France

France

Is a storm brewing over France’s onshore industry?

Recent anti-wind outbursts have sent alarm bells ringing throughout the industry.

French energy and ecology minster Elisabeth Borne (pic: Aron Urb / EU2017EE)
French energy and ecology minster Elisabeth Borne (pic: Aron Urb / EU2017EE)

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Just as the industry was starting to relax over having the support and visibility needed for development, the government seems to have had a change of heart with several politicians recently voicing scepticism.

"We have been very surprised by what we have been hearing recently, it doesn't add up with the work that is going on behind the scenes," a spokesperson for France's wind trade body FEE told Windpower Monthly.

President Emmanuel Macron first set alarm bells ringing in January, when he said the "consensus around wind was definitely getting weaker" in France.

Then in February, energy minister Elisabeth Borne launched an unexpected attack on onshore and its "chaotic expansion".

"It is a major issue, and I have told the industry: On the one hand, there is the problem of wind farms setting up too close to historic monuments – I don't even know how it has come to this.

"And on the other, in some areas, the spreading of smaller projects of all shapes and sizes leads to visual saturation and a feeling of being surrounded. It is absolutely unbearable," she said.

The comments have ruffled the industry, as they are at odds with France's official position and the targets laid out in its new energy roadmap, the PPE, which would more than double onshore capacity by 2028.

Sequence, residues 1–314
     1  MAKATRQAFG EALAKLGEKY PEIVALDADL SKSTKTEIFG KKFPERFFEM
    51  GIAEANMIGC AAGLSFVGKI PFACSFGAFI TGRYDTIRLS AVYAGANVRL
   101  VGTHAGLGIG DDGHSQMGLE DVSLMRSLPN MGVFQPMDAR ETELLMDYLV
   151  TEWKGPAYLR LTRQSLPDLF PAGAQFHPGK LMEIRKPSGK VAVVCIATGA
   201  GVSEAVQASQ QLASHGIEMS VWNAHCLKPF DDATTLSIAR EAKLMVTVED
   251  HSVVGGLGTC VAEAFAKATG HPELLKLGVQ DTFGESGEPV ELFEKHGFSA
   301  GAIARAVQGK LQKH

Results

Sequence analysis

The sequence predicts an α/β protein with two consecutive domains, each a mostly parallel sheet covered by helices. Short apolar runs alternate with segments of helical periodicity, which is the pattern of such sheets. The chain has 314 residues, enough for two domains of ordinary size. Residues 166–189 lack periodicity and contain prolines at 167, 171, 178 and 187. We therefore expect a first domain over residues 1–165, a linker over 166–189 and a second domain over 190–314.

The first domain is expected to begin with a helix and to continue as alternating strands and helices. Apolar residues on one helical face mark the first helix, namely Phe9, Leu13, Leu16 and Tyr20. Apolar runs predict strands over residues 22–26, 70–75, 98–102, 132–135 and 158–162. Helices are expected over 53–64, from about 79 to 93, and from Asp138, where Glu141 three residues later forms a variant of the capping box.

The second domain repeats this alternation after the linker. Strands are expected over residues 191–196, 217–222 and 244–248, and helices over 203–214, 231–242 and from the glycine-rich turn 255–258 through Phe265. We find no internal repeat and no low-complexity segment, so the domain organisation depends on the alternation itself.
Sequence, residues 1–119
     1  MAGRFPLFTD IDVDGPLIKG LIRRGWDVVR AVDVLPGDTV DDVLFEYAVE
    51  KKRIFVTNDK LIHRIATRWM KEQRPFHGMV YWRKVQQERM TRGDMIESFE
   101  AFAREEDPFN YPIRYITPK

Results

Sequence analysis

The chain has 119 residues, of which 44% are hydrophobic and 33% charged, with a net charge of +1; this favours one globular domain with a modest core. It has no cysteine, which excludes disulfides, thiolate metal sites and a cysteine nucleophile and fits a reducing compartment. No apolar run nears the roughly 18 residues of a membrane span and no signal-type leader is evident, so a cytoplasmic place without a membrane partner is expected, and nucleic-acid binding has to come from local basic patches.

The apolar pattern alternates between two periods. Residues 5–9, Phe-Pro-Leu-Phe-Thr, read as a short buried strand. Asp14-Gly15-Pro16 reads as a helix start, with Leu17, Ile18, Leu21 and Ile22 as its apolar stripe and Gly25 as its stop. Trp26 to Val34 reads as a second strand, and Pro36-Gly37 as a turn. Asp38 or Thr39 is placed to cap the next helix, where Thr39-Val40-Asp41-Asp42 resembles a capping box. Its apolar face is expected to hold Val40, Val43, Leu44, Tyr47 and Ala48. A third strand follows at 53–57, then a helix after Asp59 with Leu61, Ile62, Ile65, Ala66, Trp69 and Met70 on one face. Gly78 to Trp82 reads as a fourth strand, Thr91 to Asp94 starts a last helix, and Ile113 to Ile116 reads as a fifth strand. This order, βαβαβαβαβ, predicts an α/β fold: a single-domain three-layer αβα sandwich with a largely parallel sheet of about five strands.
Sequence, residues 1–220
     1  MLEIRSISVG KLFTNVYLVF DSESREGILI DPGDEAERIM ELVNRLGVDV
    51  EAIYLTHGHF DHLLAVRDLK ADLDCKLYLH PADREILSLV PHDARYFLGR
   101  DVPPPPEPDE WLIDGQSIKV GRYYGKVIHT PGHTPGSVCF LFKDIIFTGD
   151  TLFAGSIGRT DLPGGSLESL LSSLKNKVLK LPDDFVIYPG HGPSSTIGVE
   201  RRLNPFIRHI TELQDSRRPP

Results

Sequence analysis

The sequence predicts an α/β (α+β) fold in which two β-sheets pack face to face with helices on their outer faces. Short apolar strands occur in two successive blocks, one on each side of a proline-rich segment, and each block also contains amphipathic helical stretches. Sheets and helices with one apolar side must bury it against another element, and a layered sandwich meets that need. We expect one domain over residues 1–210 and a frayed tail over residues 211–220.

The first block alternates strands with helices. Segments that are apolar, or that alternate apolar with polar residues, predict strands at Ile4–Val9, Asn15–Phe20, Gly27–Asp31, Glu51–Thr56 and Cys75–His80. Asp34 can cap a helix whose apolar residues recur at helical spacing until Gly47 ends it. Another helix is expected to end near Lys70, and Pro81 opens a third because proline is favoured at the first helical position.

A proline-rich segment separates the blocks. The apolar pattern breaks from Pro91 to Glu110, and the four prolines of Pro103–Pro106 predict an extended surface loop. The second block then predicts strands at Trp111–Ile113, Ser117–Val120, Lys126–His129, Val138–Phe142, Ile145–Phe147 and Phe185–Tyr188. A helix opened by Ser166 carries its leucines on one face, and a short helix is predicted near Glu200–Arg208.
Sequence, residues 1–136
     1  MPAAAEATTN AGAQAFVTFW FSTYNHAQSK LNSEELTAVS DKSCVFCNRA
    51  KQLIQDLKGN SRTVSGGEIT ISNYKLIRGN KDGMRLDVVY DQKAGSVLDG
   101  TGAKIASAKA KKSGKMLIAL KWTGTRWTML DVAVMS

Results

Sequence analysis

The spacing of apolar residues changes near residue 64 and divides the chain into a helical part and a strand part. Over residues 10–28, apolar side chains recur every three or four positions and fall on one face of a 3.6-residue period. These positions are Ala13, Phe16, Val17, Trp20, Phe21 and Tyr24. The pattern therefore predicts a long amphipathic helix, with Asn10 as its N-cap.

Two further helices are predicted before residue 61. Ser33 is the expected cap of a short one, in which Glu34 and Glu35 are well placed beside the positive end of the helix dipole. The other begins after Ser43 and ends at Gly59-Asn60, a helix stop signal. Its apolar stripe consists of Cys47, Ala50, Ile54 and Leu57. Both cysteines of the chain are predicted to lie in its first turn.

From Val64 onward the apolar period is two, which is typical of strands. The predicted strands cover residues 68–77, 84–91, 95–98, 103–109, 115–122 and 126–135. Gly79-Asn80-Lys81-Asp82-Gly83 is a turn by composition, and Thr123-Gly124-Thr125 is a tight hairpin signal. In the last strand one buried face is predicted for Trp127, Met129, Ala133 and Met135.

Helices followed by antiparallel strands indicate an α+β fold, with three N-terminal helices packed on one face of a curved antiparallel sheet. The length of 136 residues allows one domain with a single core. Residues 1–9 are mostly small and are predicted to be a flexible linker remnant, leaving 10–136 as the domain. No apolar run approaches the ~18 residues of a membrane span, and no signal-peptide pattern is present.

As a result, for the first time in eight years, French wind energy association FEE held a joint press conference with the SER, France's renewable energy association, to put pressure on the government.

"For us who welcomed the PPE's objectives, it is vital for the development of the industry that the targets and the means to reach them are in line," SER president Jean-Louis Bal said at the event in late February.

FEE suggested the recent criticisms may be politically motivated, with municipal elections taking place in March and regional elections following next year.

This political rhetoric can be harmful. The industry fears it could influence the heads of France's administrative regions who award permits.

Despite the attacks, the FEE praised the collaboration between wind industry associations and the government.

On 2 March, both parties met to find ways to improve the acceptance of wind through a working group launched by Borne in December.

"We fully support Elisabeth Borne, who is very knowledgeable, and we will continue to work together," the FEE said.

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